This happened around 1800, when the USA was growing. The first state to have no property requirements for voting was Vermont, when it joined the union in 1791. So it was not really a matter of "abolishing" those restrictions as of not introducing them in the first place - most new states follwed suit. I think the first state to abolish existing property requirements was New Jersey in 1807 (ironically, at the same time they removed women's suffrage).
The last state to remove property requirements was Rhode Island in 1843, and it took a rebellion to achieve that, and even then the requirements were only dropped for USA-born men, not for immigrants (that took until 1888!).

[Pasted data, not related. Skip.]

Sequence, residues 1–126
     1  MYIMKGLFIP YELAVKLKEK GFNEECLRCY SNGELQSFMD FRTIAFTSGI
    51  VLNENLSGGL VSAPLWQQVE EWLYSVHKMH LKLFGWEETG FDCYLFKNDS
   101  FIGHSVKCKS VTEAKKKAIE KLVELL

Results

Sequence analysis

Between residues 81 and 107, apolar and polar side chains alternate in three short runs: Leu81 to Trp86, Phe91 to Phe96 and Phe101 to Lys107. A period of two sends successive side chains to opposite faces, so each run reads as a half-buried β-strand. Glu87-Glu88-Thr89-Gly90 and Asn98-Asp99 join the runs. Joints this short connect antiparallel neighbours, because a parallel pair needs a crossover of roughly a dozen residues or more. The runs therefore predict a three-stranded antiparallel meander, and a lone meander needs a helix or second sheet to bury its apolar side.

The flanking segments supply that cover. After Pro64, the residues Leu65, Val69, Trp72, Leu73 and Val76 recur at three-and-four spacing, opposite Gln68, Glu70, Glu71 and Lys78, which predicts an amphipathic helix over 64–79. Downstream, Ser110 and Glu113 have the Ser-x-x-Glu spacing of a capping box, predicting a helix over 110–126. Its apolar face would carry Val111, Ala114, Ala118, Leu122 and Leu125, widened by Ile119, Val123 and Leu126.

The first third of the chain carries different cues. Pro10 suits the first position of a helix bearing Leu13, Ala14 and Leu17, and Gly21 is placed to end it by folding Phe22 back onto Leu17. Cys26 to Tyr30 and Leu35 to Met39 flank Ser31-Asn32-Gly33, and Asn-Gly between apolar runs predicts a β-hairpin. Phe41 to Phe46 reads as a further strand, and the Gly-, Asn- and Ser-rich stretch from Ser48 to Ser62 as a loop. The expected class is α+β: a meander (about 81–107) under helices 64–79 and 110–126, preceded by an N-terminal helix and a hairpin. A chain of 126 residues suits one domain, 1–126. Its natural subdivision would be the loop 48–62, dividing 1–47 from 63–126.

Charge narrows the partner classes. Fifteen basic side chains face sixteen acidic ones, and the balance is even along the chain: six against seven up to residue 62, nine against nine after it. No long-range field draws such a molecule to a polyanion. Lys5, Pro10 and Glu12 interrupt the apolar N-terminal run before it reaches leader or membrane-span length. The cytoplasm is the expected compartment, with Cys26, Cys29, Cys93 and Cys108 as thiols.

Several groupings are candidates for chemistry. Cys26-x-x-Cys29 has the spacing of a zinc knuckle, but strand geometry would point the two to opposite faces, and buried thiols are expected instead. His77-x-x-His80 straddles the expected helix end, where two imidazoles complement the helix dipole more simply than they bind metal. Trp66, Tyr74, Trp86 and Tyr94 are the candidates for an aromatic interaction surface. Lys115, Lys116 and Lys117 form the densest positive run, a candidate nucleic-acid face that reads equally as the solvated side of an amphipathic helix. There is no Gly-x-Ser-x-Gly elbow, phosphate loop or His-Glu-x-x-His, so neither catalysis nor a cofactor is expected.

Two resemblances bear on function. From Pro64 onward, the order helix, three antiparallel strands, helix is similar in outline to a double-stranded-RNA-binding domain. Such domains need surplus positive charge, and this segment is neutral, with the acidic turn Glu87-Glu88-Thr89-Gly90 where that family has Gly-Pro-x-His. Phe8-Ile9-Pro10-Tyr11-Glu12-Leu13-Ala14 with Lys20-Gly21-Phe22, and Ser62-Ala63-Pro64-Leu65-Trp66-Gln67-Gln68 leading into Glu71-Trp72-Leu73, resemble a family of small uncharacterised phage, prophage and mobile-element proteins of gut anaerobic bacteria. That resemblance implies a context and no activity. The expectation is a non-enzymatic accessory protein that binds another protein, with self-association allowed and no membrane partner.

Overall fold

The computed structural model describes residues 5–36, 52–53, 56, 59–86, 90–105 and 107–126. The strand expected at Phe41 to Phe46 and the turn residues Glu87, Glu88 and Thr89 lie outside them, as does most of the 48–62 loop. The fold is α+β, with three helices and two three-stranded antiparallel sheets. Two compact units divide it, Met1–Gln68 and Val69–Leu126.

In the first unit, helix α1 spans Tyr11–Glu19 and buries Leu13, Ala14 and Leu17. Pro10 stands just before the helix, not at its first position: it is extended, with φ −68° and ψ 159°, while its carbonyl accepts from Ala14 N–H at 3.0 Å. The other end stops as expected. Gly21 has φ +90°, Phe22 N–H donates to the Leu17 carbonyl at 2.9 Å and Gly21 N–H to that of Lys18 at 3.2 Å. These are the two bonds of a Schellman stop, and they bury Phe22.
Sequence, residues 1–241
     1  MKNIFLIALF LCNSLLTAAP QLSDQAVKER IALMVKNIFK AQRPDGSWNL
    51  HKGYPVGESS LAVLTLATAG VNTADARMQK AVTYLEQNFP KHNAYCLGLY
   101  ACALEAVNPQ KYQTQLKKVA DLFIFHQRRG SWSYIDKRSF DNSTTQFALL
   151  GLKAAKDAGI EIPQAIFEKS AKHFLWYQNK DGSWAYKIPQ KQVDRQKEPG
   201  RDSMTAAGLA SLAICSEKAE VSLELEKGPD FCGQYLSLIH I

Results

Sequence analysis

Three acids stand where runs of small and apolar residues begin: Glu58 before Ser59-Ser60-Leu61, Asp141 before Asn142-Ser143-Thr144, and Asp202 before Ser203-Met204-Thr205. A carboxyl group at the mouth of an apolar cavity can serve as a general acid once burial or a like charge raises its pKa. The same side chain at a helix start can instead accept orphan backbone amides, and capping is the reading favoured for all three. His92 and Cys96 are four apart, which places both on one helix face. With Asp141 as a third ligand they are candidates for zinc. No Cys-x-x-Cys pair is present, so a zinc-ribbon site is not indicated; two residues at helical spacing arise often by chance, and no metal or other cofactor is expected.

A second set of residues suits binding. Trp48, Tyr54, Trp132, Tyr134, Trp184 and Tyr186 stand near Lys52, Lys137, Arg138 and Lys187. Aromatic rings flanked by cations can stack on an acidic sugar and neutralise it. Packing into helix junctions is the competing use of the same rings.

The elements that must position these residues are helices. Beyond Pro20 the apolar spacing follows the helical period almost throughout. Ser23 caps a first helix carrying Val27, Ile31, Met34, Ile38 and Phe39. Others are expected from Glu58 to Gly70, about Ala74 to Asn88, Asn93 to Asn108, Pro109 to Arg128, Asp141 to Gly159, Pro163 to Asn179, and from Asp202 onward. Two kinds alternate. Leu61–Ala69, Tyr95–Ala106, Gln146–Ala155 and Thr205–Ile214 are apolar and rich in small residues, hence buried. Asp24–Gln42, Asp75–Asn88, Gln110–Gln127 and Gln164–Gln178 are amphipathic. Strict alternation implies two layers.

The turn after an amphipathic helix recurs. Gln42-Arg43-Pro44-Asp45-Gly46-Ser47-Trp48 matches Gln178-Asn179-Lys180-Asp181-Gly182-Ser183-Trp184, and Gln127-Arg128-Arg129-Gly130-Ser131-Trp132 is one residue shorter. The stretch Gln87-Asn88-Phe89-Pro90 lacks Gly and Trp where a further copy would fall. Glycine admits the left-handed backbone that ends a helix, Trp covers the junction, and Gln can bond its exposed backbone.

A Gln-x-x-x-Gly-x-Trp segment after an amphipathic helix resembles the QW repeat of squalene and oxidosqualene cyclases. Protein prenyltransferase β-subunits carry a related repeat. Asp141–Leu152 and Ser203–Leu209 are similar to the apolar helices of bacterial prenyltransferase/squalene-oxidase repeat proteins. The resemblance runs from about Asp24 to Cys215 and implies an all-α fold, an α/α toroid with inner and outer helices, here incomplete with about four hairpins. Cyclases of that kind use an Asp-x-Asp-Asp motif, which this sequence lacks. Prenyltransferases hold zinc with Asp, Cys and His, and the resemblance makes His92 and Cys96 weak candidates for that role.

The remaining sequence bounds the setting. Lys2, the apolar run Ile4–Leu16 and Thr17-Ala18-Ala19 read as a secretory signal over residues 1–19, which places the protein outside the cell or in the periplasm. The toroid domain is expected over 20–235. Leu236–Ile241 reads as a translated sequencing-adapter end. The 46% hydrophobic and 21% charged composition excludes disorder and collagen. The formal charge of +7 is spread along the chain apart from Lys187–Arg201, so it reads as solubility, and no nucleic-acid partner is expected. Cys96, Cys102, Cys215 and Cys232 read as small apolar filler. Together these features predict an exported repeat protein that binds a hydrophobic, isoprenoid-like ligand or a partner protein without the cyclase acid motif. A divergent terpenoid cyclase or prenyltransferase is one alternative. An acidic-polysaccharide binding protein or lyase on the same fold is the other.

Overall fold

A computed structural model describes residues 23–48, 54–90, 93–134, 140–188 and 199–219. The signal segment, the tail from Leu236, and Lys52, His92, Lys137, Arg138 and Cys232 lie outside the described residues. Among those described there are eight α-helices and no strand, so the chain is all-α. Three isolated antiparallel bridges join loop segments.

So it pretty clearly was controversial, and the movement towards extended suffrage is strongly associated with Andrew Jackson and the budding Democratic party, but it's a bit more complicated than simply "one party was for it and the other against", especially since at that time the landscape of political parties was still in flux: the Republicans did not exist yet, and instead the Federalists were still around and the Whigs formed as an opposition to Jackson.